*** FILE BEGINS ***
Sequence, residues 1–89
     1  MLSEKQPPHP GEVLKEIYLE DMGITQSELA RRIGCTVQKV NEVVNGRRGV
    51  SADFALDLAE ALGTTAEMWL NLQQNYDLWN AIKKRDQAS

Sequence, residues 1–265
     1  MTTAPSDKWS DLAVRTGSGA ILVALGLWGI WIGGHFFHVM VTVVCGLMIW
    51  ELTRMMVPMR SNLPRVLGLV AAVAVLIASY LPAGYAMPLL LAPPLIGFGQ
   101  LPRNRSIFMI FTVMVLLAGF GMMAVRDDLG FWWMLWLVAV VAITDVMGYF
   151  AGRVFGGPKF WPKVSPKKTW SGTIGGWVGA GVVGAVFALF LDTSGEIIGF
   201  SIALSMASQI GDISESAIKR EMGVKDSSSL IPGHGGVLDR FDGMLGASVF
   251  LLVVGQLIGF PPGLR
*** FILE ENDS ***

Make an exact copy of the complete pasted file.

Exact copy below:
Sequence, residues 1–89
     1  MLSEKQPPHP GEVLKEIYLE DMGITQSELA RRIGCTVQKV NEVVNGRRGV
    51  SADFALDLAE ALGTTAEMWL NLQQNYDLWN AIKKRDQAS

Sequence, residues 1–265
     1  MTTAPSDKWS DLAVRTGSGA ILVALGLWGI WIGGHFFHVM VTVVCGLMIW
    51  ELTRMMVPMR SNLPRVLGLV AAVAVLIASY LPAGYAMPLL LAPPLIGFGQ
   101  LPRNRSIFMI FTVMVLLAGF GMMAVRDDLG FWWMLWLVAV VAITDVMGYF
   151  AGRVFGGPKF WPKVSPKKTW SGTIGGWVGA GVVGAVFALF LDTSGEIIGF
   201  SIALSMASQI GDISESAIKR EMGVKDSSSL IPGHGGVLDR FDGMLGASVF
   251  LLVVGQLIGF PPGLR